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Risk behaviours of young Indo-Chinese injecting drug users in Sydney and Melbourne

Citation

Maher, L and Sargent, P and Higgs, P and Crofts, N and Kelsall, J and Le, TT, Risk behaviours of young Indo-Chinese injecting drug users in Sydney and Melbourne, Australian and New Zealand Journal of Public Health, 25, (1) pp. 50-54. ISSN 1326-0200 (2001) [Refereed Article]

Copyright Statement

Copyright 2001 Public Health Association of Australia

DOI: doi:10.1111/j.1467-842X.2001.tb00550.x

Abstract

Objective: To investigate patterns of drug use and injection-related risk behaviours among young Indo-Chinese injecting drug users (IDUs).

Method: Cross-sectional survey. A structured questionnaire was administered to 184 Indo-Chinese IDUs aged 15 to 24 in Sydney and Melbourne. Participants were recruited using snowball sampling techniques; measures included patterns of heroin and other drug use, injection-related risk behaviours, perceived susceptibility to HIV and HCV infection and access to services.

Results: Despite perceived high availability of sterile injecting equipment, 36% had ever shared a needle and syringe and 22% had done so in the preceding month. Lifetime sharing was significantly associated with duration of injecting, history of incarceration and residence in Sydney. Sharing of injecting paraphernalia other than needles and syringes was also common, with young women and Sydney residents significantly more likely to report sharing equipment in the preceding month.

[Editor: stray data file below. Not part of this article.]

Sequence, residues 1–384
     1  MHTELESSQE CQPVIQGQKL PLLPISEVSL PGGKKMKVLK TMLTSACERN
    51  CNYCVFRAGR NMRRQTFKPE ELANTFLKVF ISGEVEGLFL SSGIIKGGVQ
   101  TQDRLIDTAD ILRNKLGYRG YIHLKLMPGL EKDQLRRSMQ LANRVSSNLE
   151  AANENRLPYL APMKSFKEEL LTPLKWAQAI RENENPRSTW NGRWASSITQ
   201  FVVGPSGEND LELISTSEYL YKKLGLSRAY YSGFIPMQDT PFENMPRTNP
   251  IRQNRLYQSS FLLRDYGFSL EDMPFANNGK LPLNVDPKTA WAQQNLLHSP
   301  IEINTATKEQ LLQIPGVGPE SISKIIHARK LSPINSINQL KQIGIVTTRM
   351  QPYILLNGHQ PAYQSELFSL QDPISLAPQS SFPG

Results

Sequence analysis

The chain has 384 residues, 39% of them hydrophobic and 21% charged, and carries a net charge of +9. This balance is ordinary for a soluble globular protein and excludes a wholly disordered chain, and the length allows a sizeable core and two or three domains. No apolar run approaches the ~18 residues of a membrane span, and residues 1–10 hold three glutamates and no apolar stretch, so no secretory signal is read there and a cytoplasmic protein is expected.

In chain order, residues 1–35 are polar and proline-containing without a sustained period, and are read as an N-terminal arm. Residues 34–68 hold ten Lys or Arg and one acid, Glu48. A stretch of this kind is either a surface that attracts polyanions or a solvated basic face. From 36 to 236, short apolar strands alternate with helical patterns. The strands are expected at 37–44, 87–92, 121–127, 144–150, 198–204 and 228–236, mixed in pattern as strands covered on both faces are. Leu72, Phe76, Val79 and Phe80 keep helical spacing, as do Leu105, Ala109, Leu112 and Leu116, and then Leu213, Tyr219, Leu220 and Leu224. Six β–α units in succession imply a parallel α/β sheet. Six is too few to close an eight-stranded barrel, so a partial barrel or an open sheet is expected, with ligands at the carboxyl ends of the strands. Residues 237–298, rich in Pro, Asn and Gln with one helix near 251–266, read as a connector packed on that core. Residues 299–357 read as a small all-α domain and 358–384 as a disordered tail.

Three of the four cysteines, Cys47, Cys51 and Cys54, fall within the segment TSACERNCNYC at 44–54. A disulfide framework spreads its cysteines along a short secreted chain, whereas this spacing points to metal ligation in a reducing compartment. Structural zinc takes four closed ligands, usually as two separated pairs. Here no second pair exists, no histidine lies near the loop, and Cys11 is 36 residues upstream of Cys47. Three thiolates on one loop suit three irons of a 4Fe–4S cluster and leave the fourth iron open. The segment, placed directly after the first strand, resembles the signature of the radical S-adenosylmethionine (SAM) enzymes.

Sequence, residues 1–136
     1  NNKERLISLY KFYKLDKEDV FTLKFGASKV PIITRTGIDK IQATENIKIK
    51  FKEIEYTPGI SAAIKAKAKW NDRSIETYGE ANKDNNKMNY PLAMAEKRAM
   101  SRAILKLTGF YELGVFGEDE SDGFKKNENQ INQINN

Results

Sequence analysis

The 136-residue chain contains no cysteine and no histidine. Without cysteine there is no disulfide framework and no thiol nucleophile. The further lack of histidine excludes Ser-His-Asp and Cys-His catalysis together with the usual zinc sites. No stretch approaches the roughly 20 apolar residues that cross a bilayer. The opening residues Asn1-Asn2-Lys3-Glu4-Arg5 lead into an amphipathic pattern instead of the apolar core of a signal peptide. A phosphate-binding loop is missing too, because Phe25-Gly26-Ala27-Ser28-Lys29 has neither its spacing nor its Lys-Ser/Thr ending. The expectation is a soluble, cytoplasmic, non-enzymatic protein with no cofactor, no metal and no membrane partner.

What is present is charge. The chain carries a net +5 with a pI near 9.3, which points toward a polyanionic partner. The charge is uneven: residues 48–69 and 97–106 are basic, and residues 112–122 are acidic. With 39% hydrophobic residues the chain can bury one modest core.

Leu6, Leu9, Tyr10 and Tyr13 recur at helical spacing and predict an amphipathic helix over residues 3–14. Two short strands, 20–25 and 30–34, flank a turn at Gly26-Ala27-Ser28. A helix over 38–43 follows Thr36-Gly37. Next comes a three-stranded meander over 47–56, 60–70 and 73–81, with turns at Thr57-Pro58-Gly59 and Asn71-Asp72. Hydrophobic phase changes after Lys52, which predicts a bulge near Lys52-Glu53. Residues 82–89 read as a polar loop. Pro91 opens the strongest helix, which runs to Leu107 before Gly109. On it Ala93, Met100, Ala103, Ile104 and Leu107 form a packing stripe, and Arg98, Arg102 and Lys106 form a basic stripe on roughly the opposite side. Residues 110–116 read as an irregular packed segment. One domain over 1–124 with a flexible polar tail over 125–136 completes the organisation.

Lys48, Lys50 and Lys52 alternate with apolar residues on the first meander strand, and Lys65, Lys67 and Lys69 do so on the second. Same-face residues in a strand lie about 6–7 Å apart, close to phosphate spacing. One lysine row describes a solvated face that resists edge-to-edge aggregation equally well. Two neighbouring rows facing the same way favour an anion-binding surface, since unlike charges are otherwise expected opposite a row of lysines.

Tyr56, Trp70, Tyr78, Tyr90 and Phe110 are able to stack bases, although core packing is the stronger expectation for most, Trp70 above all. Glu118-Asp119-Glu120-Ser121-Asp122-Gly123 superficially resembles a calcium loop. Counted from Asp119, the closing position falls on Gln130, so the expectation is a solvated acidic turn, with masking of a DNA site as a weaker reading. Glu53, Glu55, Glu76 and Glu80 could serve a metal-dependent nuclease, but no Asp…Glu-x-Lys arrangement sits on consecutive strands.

Conclusions: Young Indo-Chinese IDUs are at high risk of infection with hepatitis C and other blood-borne viruses. Results indicate an urgent need for culturally appropriate and sustainable risk reduction programs which specifically target this population.

Implications: Health services must respond swiftly to implement effective blood-borne virus prevention programs for young Indo-Chinese IDUs. Failure to do so may sustain the current epidemic of hepatitis C among IDUs.

Item Details

Item Type:Refereed Article
Keywords:hepatitis C, HIV, risk behaviours, injecting drug users
Research Division:Medical and Health Sciences
Research Group:Public Health and Health Services
Research Field:Epidemiology
Objective Division:Health
Objective Group:Clinical Health (Organs, Diseases and Abnormal Conditions)
Objective Field:Infectious Diseases
Author:Sargent, P (Dr Penny Allen)
ID Code:109602
Year Published:2001
Web of Science® Times Cited:38
Deposited By:Rural Clinical School
Deposited On:2016-06-23
Last Modified:2016-08-04
Downloads:0

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